Usually graduation is a joyful time, filled with celebrations, proud relatives and the anticipation of summer adventures, new jobs and for some, even more school.
While sadness and loss hum in the background on any Duke commencement day as students say their goodbyes to friends and mentors and take in a final glimpse of those gothic spires — happiness typically permeates Duke graduation weekends.
We know this year is so very different for our graduates. So, as you step into the virtual aisle that leads to the very real conferral of your diploma, the Duke Global Health Institute community — our faculty, staff, alumni and partners — is both celebrating your amazing accomplishments in global health and grieving the loss of the on-campus festivities with you.
This 2020 Duke graduation weekend, DGHI honors 99 global health undergraduates (44 majors, 55 minors) and 30 global health masters degree students. We are also celebrating the accomplishments of 5 Duke Scholars, doctoral students from other disciplines within the university who have completed a fellowship in global health, as well.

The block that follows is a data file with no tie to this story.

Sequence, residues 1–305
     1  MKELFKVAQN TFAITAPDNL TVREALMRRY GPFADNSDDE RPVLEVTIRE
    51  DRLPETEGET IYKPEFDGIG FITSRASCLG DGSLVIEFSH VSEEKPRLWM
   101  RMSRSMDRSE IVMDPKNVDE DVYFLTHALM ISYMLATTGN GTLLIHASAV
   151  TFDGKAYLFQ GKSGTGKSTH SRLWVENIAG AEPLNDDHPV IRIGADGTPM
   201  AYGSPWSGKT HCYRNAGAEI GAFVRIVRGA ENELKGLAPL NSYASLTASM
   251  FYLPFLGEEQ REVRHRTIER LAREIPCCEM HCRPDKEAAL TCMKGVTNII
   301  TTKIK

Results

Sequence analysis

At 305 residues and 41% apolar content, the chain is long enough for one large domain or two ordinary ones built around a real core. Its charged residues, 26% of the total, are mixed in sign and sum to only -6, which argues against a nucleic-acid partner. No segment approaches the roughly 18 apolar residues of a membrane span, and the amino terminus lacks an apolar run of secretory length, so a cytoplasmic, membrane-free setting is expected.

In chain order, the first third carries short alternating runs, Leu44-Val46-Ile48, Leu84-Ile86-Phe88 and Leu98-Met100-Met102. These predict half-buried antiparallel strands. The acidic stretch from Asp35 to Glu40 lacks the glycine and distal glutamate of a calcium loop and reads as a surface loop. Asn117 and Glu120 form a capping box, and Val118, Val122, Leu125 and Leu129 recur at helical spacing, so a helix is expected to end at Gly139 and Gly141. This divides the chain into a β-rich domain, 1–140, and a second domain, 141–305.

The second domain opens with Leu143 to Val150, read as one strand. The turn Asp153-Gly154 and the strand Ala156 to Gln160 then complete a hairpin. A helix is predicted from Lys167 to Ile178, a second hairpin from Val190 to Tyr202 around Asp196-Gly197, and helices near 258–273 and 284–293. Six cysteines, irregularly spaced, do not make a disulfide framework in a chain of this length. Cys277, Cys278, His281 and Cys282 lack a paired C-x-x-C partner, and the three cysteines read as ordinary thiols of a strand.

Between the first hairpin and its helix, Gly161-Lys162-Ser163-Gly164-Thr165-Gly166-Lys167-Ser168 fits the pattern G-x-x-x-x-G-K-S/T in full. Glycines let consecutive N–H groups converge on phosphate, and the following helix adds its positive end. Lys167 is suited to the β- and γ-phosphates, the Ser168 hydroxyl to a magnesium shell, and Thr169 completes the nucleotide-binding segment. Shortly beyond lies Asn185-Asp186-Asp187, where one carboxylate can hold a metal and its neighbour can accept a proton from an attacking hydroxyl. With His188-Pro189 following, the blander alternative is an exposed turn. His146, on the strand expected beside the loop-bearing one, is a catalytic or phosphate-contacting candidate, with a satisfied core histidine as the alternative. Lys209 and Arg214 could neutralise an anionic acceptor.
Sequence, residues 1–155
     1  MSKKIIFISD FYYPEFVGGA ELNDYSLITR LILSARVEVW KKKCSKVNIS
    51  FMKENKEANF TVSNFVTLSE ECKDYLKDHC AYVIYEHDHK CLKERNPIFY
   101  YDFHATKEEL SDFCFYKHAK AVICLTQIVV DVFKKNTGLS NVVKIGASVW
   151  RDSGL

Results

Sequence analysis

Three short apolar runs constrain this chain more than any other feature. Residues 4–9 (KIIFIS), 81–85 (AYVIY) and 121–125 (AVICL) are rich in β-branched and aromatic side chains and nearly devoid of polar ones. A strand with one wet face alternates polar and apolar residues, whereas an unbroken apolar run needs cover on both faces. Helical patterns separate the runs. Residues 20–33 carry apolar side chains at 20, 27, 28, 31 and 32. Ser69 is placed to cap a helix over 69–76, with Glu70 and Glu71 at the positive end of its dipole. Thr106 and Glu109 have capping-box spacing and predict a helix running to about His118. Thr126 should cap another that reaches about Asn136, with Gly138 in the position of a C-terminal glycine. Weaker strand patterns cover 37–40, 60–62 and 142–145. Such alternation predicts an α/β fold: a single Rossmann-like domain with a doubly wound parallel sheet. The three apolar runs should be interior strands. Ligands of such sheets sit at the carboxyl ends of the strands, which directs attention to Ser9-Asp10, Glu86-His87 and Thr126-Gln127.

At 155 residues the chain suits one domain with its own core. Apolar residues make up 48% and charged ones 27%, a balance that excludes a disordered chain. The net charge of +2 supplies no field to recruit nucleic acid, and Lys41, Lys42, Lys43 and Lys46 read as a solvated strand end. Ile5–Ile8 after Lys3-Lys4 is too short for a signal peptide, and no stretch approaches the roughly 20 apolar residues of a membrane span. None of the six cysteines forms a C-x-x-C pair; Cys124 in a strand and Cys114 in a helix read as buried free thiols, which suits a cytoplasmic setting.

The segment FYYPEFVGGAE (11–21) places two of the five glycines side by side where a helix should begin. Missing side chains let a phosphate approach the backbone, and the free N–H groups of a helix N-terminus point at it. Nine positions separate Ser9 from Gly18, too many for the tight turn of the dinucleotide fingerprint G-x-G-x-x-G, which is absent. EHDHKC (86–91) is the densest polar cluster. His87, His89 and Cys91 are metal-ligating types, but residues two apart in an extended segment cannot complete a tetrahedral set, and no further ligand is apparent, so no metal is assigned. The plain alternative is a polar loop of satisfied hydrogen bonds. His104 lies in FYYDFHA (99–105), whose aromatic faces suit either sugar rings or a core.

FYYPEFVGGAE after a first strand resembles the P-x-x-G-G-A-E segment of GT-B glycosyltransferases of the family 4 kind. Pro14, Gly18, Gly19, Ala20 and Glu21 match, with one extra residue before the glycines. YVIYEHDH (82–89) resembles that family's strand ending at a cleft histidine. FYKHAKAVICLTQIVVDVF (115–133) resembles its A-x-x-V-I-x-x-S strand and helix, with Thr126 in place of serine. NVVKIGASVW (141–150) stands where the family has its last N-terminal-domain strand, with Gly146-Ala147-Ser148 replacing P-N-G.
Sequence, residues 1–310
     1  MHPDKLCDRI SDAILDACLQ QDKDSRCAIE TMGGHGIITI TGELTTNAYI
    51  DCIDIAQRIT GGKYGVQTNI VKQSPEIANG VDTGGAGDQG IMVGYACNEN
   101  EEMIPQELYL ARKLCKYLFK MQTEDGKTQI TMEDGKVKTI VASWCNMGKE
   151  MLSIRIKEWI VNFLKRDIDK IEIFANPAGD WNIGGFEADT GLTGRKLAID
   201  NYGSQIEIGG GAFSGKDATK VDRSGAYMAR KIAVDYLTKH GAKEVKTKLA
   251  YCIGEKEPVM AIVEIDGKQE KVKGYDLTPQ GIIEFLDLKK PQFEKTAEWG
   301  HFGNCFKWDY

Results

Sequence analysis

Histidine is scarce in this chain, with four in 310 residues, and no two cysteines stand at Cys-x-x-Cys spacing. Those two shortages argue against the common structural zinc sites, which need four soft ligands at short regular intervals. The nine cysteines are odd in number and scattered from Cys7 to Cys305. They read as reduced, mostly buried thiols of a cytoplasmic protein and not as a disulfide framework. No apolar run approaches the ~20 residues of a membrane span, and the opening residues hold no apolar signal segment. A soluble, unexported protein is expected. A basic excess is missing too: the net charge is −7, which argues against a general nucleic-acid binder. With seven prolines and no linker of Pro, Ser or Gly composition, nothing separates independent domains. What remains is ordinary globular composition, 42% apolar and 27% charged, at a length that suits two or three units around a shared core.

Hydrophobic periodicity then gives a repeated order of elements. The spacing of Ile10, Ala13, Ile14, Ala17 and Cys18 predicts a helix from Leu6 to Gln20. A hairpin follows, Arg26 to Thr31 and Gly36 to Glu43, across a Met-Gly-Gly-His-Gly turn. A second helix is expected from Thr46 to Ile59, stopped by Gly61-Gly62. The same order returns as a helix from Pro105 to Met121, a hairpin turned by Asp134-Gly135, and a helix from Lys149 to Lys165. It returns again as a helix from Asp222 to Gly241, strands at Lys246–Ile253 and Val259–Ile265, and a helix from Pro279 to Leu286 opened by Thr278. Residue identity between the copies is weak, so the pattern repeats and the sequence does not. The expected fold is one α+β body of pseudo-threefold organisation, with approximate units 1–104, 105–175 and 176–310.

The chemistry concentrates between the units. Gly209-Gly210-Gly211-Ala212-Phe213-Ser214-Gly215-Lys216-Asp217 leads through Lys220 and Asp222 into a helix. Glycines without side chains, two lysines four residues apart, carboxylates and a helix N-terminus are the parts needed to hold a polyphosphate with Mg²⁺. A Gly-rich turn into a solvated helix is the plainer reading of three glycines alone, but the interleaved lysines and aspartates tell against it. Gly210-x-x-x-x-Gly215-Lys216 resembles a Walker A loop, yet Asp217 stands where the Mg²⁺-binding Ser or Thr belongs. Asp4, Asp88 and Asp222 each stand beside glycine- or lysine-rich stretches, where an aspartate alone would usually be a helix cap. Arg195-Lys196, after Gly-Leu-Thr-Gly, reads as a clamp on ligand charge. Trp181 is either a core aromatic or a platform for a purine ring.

As DGHI does each year, we’d also like to highlight students and faculty who’ve made outstanding contributions to our community:
Award for Exemplary Global Health Leadership
Andrea Koris, Laura Mkumba, Yadurshini Raveendran
This is the first ever year for this award. It honors the achievements of three master’s in global health students who demonstrated exceptional leadership efforts in their work on decolonizing global health. During their time at DGHI, they organized the Duke Decolonizing Global Heath Working Group to explore oppressive historical roots of global health such as colonialism, slavery and racism which still persist in systems and structures today. Their goal was to inspire dialogue and work toward a future of equitable global health. Mkumba, Raveendran and Koris planned and organized a highly successful Decolonizing Global Health 2020 conference at Duke in January, which featured renowned keynote speakers from around the world. The conference drew more than 250 participants and another 500 virtual attendees. The Working Group then developed a set of recommendations to help develop a decolonized, inclusive and equity-promoting approach to education, training and research. The recommendations can help Duke and other global health programs around the world to focus their culture, training and practices on inclusivity, equity and critical reflection.